This particular trek led him to the ruins of a 12th century Buddhist temple. His party had come in search of the lost meditation site of Machig Labdrön, a place where Chöd was not only practiced, but in many ways where it was truly birthed. The mountain paths alternated between protecting him and his party from the bitter winds driving southward and exposing them entirely. The terrain was tough but, for the man who so gracefully danced around a 12 percent walk rate in 2008 without blowing a single save, perseverance was a given.
As they descended into what looked like an unfinished cave, the party split up to check out the sprawling space. Lidge found himself in the northwest corner of the former communal space, not more than 100 feet from where his guide and closest traveling companion, Moheyan, was admiring the feint drawings on the walls. Just then, he felt his ankle turn slightly awkwardly and looked down. The look was hauntingly familiar, as the red of the seams just shone through the dirt that had gathered all along the ground. He picked it up in a mix of awe and horror and rubbed its side until the logo appeared. The “2005 Postseason” was still visible.
“Are you okay?,” Moheyan called over as Lidge looked visibly shaken at this point.
He took the ball and shoved it deep into his jacket pocket. “Y-y-yeah, I’m okay,” Lidge responded.
His mind went blank and he descended into the same nothingness that was central to the teachings of Chöd, which felt both appropriate and empty, just like he had more than a decade earlier. Over time, the episode faded and his person reappeared. They returned to their home base just outside of Damthang and Lidge unpacked his things, preparing for the journey back across the Pacific.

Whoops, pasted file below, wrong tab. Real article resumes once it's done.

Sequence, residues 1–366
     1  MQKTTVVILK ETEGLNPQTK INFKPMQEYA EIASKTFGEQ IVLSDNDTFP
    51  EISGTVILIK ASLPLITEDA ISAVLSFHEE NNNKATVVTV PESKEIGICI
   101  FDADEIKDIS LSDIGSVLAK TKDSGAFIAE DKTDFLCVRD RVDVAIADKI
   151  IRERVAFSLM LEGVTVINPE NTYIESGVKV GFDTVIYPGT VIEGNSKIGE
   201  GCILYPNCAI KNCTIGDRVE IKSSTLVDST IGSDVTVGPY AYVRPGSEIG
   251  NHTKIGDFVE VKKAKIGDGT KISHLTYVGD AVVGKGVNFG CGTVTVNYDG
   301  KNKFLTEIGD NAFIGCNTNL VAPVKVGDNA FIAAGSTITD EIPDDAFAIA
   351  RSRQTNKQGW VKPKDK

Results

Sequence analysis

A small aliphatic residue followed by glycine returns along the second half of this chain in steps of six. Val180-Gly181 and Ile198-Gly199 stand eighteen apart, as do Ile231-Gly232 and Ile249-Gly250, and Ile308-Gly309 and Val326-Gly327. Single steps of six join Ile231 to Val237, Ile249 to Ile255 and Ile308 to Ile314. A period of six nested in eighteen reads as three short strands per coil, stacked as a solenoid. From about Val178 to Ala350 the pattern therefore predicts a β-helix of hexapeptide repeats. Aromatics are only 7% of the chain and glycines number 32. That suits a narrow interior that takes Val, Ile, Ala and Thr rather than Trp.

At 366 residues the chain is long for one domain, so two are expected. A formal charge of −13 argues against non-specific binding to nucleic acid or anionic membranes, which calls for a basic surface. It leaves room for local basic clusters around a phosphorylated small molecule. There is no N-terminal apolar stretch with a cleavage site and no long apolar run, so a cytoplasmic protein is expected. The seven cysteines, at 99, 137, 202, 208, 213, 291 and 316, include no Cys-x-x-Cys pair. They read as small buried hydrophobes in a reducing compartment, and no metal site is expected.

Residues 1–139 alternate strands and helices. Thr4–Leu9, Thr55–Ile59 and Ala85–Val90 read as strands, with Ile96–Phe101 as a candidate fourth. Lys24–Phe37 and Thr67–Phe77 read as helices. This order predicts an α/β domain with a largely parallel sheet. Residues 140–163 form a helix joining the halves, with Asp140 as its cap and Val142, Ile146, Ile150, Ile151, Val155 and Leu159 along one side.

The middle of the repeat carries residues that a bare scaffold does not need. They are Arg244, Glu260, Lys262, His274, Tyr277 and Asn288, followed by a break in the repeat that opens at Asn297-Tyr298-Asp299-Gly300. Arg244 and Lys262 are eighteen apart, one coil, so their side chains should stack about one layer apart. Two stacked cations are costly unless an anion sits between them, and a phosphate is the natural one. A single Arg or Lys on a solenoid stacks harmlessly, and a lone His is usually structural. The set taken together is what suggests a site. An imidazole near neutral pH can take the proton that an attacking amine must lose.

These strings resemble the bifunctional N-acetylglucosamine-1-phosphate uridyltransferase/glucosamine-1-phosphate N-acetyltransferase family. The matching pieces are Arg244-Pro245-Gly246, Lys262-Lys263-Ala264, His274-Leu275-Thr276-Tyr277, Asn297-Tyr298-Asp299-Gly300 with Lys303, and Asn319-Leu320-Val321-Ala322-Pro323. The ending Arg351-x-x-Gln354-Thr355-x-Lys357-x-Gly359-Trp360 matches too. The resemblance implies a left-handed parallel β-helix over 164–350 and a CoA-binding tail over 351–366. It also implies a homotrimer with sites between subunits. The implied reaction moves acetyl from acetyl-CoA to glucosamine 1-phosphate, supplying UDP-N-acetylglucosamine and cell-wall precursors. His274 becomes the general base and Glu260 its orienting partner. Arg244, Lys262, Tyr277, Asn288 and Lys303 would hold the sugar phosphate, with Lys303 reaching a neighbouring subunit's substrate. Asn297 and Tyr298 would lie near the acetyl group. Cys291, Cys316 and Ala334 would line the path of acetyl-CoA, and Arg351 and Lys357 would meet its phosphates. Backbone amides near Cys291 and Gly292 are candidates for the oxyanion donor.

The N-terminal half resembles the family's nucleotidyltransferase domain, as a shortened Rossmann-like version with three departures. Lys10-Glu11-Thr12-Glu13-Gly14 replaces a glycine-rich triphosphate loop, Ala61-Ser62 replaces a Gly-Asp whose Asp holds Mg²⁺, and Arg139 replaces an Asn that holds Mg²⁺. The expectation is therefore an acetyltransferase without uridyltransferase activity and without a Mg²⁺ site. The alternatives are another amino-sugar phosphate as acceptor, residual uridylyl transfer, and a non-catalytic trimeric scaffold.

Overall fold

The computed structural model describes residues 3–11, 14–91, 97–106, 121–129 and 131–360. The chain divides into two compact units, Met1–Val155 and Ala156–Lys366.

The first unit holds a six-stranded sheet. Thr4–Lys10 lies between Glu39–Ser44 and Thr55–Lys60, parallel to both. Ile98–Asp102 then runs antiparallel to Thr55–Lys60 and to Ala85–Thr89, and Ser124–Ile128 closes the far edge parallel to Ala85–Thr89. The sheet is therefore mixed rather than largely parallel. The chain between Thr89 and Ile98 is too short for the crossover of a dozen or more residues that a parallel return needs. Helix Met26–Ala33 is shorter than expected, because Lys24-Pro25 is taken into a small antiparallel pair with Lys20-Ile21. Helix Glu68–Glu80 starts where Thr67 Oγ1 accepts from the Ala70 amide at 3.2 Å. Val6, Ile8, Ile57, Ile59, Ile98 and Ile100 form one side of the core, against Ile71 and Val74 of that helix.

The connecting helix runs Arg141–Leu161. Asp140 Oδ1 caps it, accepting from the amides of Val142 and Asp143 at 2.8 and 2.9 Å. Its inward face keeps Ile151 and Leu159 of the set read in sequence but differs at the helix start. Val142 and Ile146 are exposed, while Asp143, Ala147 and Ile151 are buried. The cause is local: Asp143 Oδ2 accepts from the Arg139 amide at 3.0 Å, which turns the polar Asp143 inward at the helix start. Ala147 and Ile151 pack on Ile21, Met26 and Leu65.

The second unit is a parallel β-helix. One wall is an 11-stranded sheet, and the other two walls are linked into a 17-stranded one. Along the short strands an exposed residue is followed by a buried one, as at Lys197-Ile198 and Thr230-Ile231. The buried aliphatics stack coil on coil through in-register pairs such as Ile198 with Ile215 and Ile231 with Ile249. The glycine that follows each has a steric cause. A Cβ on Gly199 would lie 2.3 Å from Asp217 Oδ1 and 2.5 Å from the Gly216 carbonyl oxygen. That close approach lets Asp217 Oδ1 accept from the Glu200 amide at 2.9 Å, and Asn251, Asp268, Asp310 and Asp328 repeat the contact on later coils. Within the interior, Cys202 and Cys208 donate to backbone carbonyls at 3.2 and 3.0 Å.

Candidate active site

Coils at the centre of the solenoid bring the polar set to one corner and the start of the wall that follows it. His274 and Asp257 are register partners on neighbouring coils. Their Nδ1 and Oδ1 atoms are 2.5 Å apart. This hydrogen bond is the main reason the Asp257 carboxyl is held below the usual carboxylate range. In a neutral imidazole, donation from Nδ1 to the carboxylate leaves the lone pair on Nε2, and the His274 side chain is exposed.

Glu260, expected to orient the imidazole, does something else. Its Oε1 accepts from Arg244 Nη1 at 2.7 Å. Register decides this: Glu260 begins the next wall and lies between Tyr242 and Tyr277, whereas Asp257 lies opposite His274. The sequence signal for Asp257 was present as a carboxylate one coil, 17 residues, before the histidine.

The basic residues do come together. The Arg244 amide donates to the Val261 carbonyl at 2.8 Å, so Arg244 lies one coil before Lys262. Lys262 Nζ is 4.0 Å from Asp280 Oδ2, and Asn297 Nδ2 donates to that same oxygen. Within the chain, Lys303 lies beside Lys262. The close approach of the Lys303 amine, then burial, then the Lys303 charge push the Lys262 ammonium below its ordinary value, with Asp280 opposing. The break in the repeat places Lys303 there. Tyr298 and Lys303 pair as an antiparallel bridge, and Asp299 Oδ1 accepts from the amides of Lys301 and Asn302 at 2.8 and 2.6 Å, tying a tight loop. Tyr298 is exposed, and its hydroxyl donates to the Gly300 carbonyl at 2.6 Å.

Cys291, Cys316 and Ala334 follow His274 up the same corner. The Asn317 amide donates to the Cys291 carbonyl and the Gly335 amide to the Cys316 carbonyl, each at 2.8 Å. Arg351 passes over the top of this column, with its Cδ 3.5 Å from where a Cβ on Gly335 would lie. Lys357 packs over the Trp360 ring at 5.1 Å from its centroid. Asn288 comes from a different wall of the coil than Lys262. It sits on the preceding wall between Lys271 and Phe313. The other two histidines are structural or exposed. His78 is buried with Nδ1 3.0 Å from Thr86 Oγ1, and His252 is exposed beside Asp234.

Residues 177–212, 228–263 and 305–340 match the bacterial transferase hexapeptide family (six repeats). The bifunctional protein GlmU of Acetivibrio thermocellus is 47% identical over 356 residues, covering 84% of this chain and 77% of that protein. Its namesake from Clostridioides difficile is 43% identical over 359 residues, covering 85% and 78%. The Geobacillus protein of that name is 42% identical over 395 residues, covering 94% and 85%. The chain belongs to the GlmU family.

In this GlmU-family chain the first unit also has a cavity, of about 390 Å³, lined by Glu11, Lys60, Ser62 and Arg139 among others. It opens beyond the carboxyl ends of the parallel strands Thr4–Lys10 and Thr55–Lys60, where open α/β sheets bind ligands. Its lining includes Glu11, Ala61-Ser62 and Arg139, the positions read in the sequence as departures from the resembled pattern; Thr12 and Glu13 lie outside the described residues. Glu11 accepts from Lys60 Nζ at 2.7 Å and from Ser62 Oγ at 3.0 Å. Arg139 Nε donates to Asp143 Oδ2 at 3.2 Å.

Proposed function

When he finally returned home to Colorado, the ball was the last thing he took out of his suitcase. He gently took it out to the backyard and placed it on a manicured pile of what appeared to be kindling from a distance. Yet, between the brown of the branches was a deep red portending the violence to come.
His wife, Lindsay, came out from the solarium when she heard the explosion. “What on Earth was that?, she asked.
He looked at her, fully at peace. “It has landed,” was all he said.
By: Patrick Dubuque
When you watch Mike Scott, you find yourself watching his hands. After each pitch his right hand hangs down as if heavy, then twitches, finds a cap or a pant leg or strains against the open air, waiting for the ball back like an impatient animal. A pitcher is a hand first, then an arm, then a shoulder, then the rest of him.
You watch Mike Scott’s hands to see if you can see it, the way you trace a magician’s wrist, watch the ball roll imperceptibly against some hidden emery board, watch a fingernail dig into the surface of the leather. That was his time, that was what they did in those days; it was almost more of a struggle between the pitcher and the surface of the ball than it was the batter. You never saw it. Just a split-finger fastball that traveled almost straight–almost.
You see Mike Scott’s hands because the rest of him is a blur: not of motion, exactly, or the cameras of the eighties. He’s indistinct, ephemeral, an accident waiting for the timeline to correct itself. There’s no way, you think to yourself, watching this plain man in oversized glasses and disorganized hair, his glove hand tucked in like a new father, falling off the mound in seemingly random directions. No way this is real.